I think you can now clearly see why I have had to get tougher about my concert choices and be firm when necessary. My mom promised Neil Diamond would be the last concert on her list and played on all of our sympathies to make it happen. It took a village to get her to the Neil Diamond concert with one niece driving her from Indiana to Cleveland and my sister, nephew, and friend, flying in to Cleveland from Baltimore to meet them there. The concert was on a Sunday night, but they had to be there on Saturday in order to make sure everyone got there on time and hotel accommodations were involved. People missed work on Monday and some hadn’t even made it back home before she was on the phone trying to figure out how to get to Anaheim, CA, to see him again. Obviously, we were duped by an elderly woman and I think I said once, “mom, have your ever heard the story about a boy who cried wolf one too many times?” I doubt she even heard me because she was already trying to figure out if her brother, who lived in California, might fall for the old I could just die happy if I saw Neil Diamond out in Anaheim and you could take me act. I don’t know if she just gave up or if her brother, who is 89, answered back that he could just die happy if he didn’t have to go see Neil Diamond, but she ended up not going.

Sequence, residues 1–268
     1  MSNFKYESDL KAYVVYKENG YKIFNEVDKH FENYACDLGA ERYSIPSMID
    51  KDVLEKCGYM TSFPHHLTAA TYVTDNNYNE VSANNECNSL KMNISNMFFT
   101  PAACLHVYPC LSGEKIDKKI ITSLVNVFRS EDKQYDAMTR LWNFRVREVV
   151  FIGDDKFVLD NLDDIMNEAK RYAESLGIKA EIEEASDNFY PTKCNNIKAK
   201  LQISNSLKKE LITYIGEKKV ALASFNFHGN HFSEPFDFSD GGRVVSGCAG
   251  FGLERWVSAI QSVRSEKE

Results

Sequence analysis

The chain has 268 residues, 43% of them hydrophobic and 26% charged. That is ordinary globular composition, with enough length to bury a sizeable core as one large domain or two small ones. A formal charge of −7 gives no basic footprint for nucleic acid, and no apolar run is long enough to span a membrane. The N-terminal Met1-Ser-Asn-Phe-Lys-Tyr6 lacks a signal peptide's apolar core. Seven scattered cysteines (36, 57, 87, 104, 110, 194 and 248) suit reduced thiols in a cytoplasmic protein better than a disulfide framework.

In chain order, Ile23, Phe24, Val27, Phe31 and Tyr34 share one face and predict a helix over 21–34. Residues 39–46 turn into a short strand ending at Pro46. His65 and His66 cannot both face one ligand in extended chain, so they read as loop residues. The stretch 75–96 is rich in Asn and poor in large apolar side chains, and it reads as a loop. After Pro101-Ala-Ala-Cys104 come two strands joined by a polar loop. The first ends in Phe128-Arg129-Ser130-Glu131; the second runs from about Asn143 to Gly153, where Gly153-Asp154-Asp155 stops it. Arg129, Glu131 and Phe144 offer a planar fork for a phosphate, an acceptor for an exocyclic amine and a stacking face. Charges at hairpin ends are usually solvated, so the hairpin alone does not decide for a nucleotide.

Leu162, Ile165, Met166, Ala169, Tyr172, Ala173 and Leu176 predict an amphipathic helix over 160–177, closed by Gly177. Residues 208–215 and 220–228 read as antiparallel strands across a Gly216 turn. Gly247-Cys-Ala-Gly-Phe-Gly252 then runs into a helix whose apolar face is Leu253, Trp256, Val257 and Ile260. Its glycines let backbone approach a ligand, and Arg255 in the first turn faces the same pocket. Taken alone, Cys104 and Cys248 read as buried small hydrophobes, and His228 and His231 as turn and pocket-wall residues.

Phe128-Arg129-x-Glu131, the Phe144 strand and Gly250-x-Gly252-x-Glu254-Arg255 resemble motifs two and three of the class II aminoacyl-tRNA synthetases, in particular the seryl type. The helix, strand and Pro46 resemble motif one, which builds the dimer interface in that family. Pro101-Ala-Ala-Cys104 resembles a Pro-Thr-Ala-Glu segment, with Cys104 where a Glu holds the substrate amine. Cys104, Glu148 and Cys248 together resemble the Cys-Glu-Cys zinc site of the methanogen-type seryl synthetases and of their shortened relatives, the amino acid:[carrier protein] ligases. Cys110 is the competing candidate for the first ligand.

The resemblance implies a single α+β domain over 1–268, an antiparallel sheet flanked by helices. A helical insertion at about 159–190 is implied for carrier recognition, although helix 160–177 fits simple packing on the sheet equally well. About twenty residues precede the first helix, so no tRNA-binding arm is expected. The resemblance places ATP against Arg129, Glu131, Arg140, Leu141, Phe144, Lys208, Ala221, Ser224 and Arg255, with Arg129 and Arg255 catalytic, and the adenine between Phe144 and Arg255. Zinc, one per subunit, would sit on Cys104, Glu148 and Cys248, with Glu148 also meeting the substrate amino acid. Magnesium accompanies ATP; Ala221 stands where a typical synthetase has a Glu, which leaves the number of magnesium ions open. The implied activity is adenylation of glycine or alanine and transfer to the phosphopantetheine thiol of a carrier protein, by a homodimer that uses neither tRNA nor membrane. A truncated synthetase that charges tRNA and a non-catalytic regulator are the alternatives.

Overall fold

For a while it seemed as if she had forgotten all about going to concerts, until she mentioned the Barry Manilow one in April. Somehow, the woman who cannot open up one attachment in an email without involving twelve people and insists on a regular basis that operating a computer is something she will never understand can pull up a concert schedule on a favored artist in a matter of seconds.
Either this is the only note she kept from her computer class or she has been lulling us all into a false sense of security so that when we say no concerts are on the horizon she can double check our honesty. Even her doctors have orders to keep her alive and get her in the best shape ever for the concert date in April. At her recent checkup, her heart doctor even asked her if she had anything planned for this year and when she told him Barry Manilow he was pleased. He played a big part in helping her get to her Neil Diamond concert and even asked her to take a picture for him when she was there. He loved the Neil Diamond blog, too, that my mother sent him. That picture of my mom at her concert hangs proudly in his reception area and he told her that is what makes his job fun and worthwhile. When she told me what he said I did wonder for a moment if he meant he liked helping people fulfill their dreams or he just enjoyed having a fun story to tell about a kooky patient at a dinner party. I think when it comes to my mother; the answer could go either way.
P.S. She found someone to go with her to the concert and that person loves Barry Manilow. Life is Good!!